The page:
One of the best ways to reign in calories on the road is to dodge the fast food joints, and instead pack along a picnic lunch and stop at parks and rest stops along your route. And although this is standard practice for us on road trips these days, I decided to add a little variety to the menu by including some Mountain House freeze-dried entrees.
Although they were designed for camping and disaster supplies, they are also great for lunch stops. We pack along our camp stove anyway, because we usually stop at least one camping cabin or yurt along the way, so we have all the tools needed to prepare a tasty meal al fresco. And unlike many of their competitors, many Mountain House entrees are lower in calories in sodium. So here’s how our Mountain House choices stacked up on a recent road trip.
Chicken Fajita Filling
This entree is pretty easy to make – you just pour a cup of water in the pouch, stir, let sit, add some more water, let sit again, and enjoy. It came out warm, not hot, but it was pretty tasty with a tangy seasoning. It contained beans and veggies, and chicken. Although the recommendation is to carry along some tortillas, we wrapped our filling in lettuce leaves and it turned out just fine. We also had some leftover rice that we packed along, but it would have been just fine without the added rice. The pouch contains two servings, with just 160 calories and 540 mg. of sodium per serving. It was very filling and satisfying, for relatively few calories. The only down side was that the bell peppers in the mix were a little chewy, but it certainly wasn’t bad for a freeze-dried meal.
I was a bit skeptical about this entree, as it’s the only one that uses cold water. Granted that does make preparation a bit easier, but I really wondered if it would make the cut taste-wise. In the end it passed muster, as the pumpkin seeds and dried cranberries really gave the chicken a great flavor. The folks at Mountain House have the whole flavoring thing down, and they don’t do it by dumping a bunch of salt on it.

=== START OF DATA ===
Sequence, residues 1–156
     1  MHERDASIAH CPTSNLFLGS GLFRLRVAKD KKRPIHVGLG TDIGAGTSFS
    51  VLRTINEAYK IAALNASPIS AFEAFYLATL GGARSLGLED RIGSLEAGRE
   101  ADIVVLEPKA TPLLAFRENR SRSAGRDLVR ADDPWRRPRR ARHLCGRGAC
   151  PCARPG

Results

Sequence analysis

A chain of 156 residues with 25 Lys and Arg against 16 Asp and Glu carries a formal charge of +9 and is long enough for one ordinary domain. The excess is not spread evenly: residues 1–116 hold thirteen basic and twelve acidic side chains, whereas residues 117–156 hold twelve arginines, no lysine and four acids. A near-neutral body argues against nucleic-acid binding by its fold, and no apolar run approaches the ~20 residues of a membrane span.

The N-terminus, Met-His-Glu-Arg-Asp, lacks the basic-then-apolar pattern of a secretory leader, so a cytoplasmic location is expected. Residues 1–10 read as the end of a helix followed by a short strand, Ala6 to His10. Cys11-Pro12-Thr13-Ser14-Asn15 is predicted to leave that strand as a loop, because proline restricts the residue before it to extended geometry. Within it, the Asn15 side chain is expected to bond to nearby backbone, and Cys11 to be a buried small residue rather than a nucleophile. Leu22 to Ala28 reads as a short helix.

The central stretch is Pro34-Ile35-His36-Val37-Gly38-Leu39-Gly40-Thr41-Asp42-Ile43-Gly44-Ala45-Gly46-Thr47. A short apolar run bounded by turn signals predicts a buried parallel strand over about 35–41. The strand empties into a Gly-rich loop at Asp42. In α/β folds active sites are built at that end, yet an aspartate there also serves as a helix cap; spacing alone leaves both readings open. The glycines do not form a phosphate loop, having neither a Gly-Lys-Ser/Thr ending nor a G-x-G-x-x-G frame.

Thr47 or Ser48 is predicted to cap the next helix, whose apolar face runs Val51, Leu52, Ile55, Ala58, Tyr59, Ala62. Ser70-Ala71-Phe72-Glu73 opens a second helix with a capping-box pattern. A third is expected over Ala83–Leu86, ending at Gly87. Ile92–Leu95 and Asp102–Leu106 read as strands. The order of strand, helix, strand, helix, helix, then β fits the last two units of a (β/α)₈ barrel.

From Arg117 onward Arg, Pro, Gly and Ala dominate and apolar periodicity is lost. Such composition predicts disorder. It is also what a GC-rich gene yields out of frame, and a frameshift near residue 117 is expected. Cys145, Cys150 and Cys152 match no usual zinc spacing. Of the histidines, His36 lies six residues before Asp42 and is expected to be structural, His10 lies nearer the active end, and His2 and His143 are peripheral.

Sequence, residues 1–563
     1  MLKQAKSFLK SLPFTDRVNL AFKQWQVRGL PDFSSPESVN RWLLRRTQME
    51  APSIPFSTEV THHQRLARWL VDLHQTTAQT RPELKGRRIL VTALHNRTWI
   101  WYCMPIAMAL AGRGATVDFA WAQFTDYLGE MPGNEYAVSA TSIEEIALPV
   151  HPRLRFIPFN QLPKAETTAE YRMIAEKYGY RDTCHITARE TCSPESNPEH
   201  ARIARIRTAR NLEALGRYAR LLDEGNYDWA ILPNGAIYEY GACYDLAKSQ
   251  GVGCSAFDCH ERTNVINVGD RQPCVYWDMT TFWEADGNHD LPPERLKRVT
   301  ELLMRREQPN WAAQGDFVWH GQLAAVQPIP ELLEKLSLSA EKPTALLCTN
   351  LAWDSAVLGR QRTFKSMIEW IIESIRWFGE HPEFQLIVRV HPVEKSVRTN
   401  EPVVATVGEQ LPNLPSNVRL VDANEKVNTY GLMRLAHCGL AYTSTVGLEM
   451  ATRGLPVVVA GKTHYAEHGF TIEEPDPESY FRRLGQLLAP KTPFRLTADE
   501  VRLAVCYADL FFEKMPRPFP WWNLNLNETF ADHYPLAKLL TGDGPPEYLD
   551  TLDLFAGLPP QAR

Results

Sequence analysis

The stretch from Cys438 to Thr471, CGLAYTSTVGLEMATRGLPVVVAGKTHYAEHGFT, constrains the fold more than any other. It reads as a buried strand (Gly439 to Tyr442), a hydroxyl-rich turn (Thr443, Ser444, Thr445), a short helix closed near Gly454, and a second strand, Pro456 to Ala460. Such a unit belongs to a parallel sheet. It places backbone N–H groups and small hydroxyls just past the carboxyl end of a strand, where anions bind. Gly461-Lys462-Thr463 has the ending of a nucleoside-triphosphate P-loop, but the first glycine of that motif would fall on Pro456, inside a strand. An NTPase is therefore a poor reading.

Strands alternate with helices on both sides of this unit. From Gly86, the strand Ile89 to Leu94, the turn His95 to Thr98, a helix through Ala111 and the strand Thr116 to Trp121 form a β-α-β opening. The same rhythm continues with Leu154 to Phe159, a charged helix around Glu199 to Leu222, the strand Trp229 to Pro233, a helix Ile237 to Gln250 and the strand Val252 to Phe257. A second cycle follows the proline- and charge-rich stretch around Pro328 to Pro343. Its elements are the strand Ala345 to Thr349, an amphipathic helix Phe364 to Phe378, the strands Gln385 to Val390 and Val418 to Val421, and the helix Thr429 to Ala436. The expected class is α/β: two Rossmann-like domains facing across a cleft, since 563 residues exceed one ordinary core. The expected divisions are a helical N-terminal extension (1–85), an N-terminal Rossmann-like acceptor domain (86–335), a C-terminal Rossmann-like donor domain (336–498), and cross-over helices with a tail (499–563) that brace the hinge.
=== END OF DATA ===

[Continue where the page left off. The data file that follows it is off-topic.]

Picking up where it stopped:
I also have to say that we didn’t follow the timing instructions to a tee – in fact we kind of winged it without a watch – and even with all of our mis-steps, this one still turned out. I packed along some lettuce and served up my chicken salad on it, but Charles just enjoyed his plain. We were both happy with it, and by splitting the pouch, our lunch came in at a very respectable 260 calories and 580 mg. of sodium. This is a great option for lunch on the trail, or anyplace that you don’t have access to a camp stove or microwave.
Chicken Breast with rib Meat and Mashed Potatoes
Since this was a more complicated preparation, I decided to do it in our hotel room, when we had a microwave. The chicken pieces and potatoes are separate, so you remove the potato packet, and add some boiling water to the chicken and let it set. After it is cooked, you plate it and put the potatoes in the pouch with some boiling water and let it set. I also added some frozen veggies since we had a microwave, but to be honest we could do that on our camp stove too. In the end, it really tasted pretty good. I will admit that the potatoes didn’t look very good, but they were amazingly tasty. This meal had a bit more sodium than our other ones, but for a prepared dinner it really wasn’t bad. The package contained two servings, with each serving weighing in at 210 calories and 800 mg. of sodium.
New Orleans Style Rice, with Shrimp and Ham
We whipped this one up at a rest stop, and I really liked the flavor. I was surprised at the sodium content with ham and shrimp. It had a nice spicy flavor to it and it was very filling. The pouch contains 2.5 servings, and when I did the math, that came out to 375 calories and 435 mg. of sodium per sodium.
Scrambled Eggs with Ham, Red & Green Peppers
Last but not least we also tried one breakfast entree. It was easy to make in our hotel room, as we just boiled some water in the microwave and added it to the pouch. For freeze-dried eggs, this one was pretty good – OK not like real eggs, but not like some of the horrible freeze-dried concoctions taste. The ham and peppers added to the flavor and it was surprisingly filling. I think I will keep this one on hand for those times when we really don’t like our breakfast options, or when we have to hit the road before the hotel restaurant is open. For camping, I’d still prefer real eggs, but in a pinch this will do. The pouch has two servings, and with just 190 calories and 640 mg. per serving, it fits in with our Lifestyle Plan too.
In the end, I liked all of the Mountain House choices that I tried, and they will definitely go on our permanent road trip menu. The entrees range from $5 – $8, with most costing about $6, so it’s actually a very economical meal for two people. And if you have a disaster kit at home (which you should) Mountain House meals will make a very good addition to that. Bottom line – it’s a pretty versatile product!